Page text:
Environmental groups call for revised strategy and fresh incentives
European-based members of the ENGO Network on CCS have published “Moving CCS Forward in Europe,” a report examining the current status of this essential climate change mitigation technology in Europe, why policy efforts have stalled, and recommendations for improving momentum.
Alongside E3G, authors from two other environmental organizations – Bellona Foundation and ZERO – jointly contributed to the report, which was presented by lead author Chris Littlecott at a European meeting of the Global CCS Institute (GCCSI) in Edinburgh.
“To move CCS forward in Europe, we need to look beyond the limits of the current bureaucratic imagination,” Littlecott said. “Politicians and policymakers need to realise that CCS on industrial emitters and gas power plants is essential as we move to a low-carbon economy.
“CCS can provide enduring value to Europe through boosting low-carbon competitiveness and enabling job retention. To make that vision a reality we need to see new policy instruments brought forward and investment in an enabling infrastructure for CO2 transport and storage.”
GCCSI welcomed the publication. “This report from the ENGO Network is an important contribution to the European debate on reinvigorating CCS,” said Global CCS Institute CEO Brad Page. “As well as examining the difficulties European projects have faced, it explores the European Commission’s ideas for invigorating CCS in the region.
“The report makes it clear that the deployment of CCS in Europe is at a crossroads. New measures and new approaches are needed to ensure that CCS projects move past Final Investment Decision to enable widespread deployment in the coming years if Europe's emission ambitions are to be achieved.”
The paper reviews Europe’s previous efforts at CCS, looks at how policy could be reconsidered going forward and suggests ways to win back political support to inform policy choices. It also presents ideas on how EU-wide and Member State policy incentives could work together to accelerate action on CCS. Finally, it considers the case of Norway, a country that is not an EU member, but has had similar leadership aspirations for CCS.
The paper highlights how a revitalised vision of CCS in Europe would need to include:
- Greater attention to the value proposition of CCS – for example, with respect to:
o job retention for industrial emitters,
o the added value that would come from low-carbon industrial production,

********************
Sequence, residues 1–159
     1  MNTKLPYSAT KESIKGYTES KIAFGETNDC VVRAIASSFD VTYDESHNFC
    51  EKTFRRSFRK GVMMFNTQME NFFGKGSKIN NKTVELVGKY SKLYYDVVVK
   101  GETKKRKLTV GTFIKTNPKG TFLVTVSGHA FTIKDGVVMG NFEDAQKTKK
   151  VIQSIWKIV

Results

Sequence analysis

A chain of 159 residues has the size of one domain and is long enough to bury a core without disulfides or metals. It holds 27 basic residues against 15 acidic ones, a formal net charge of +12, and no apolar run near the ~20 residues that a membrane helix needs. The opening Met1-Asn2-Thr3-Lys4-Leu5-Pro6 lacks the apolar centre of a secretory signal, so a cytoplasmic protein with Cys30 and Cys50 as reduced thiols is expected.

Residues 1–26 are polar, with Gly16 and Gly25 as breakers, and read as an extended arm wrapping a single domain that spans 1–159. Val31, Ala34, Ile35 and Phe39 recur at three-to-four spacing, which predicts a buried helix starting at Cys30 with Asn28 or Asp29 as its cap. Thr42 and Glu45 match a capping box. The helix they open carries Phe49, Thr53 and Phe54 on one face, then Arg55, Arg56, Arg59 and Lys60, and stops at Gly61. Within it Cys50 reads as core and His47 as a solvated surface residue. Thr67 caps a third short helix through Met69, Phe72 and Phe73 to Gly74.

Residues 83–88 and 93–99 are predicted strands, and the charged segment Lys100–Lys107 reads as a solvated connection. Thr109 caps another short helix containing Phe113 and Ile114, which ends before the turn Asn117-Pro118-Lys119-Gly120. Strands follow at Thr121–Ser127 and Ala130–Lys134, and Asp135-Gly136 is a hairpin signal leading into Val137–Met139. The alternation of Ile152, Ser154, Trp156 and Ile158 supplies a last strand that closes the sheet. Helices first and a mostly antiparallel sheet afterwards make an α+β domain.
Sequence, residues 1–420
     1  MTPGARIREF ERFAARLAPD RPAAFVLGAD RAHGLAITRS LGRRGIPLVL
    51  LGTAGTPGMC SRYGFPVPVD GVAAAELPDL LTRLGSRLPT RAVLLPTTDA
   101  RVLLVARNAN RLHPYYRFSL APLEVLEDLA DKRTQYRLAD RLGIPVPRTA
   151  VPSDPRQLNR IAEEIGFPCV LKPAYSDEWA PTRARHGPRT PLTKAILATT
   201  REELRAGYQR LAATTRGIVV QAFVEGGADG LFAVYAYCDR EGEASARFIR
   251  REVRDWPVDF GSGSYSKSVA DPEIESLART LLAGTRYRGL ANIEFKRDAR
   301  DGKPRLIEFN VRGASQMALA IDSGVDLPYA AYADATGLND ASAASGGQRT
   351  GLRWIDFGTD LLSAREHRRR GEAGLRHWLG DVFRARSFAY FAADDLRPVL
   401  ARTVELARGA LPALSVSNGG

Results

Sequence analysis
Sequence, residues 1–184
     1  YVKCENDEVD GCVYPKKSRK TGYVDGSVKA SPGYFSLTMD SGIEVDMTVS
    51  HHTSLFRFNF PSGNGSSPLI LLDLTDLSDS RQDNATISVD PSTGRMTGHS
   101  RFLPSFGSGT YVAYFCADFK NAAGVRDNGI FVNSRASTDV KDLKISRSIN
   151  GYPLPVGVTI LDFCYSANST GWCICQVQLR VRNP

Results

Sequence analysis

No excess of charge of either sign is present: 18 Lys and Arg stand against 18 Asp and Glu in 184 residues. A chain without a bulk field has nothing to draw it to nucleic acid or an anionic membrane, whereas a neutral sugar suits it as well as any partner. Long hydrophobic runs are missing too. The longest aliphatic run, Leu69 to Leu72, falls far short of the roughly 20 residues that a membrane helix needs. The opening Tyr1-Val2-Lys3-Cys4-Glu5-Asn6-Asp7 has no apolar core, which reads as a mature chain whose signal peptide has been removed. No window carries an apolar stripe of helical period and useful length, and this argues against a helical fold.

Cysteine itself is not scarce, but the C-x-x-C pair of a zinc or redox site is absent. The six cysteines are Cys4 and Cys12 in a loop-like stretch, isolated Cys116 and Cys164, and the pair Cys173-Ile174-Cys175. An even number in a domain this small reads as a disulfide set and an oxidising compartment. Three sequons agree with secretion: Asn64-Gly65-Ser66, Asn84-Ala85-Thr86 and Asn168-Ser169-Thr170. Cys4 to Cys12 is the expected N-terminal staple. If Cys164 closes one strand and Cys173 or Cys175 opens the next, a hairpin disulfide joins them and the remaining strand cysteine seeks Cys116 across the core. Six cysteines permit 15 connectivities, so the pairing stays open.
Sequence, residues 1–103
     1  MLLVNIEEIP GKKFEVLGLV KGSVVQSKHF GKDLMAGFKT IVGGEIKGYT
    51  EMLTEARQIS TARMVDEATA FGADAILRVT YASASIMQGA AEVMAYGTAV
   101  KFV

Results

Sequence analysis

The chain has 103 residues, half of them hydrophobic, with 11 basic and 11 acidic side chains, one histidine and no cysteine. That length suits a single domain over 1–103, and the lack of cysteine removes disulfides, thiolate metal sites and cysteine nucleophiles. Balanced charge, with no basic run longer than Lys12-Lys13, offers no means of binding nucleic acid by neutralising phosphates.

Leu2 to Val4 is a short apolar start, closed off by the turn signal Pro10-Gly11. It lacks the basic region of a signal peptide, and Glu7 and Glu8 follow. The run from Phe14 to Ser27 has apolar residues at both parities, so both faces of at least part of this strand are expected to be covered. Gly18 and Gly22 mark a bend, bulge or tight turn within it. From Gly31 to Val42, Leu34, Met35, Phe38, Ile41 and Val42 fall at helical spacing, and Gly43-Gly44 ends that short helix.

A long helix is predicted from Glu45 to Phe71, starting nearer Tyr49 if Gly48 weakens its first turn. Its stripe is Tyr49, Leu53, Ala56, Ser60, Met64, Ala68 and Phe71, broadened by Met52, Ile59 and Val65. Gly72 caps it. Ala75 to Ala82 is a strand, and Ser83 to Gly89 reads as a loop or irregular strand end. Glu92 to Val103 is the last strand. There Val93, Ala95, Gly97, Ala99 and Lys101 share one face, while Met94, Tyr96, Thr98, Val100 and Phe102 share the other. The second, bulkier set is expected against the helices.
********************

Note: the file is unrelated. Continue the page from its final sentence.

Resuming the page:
o the potential for CCS plants to play a flexible role in balancing renewables,
o additional revenue creation through use of CO2,
o the proactive development of clusters and industrial ecologies, and
o the critical contribution to climate stability from being able to secure
negative emissions from CCS in conjunction with sustainable biomass.
- A focus on how early investment in CO2 storage and transport infrastructures are key enablers for effective cost reduction and deployment at scale.
- An acknowledgement that if CCS is to be deployed, it will require a package of finance and regulation to pull it through from demonstration to deployment. An ETS-only approach is no longer credible.
- An awareness that continued investment in unabated fossil plants is fast reaching its limits, and that any justification of new investments with a vague suggestion of future CCS deployment is a threat to credibility. The CCS sector in Europe needs to position itself as serious about climate change. EU Member States are already at the point of being able to say ‘no new coal without CCS’. We are not far off from them having to say the same for gas too.
Members of the international ENGO Network on CCS share knowledge and work toward common positions and public responses to international developments related to CCS. Network members are Clean Air Task Force, E3G, Natural Resources Defense Council, The Climate Institute, The Pembina Institute, World Resources Institute, Green Alliance, Environmental Defense Fund, Bellona Foundation and Zero Emission Resource Organisation.
Chris Smith, coordinator,firstname.lastname@example.org, USA (817) 229-1320
Chris Littlecott, E3G,email@example.com, UK, +44 (0)7920 461812
The report and a pdf version of this press release are attached.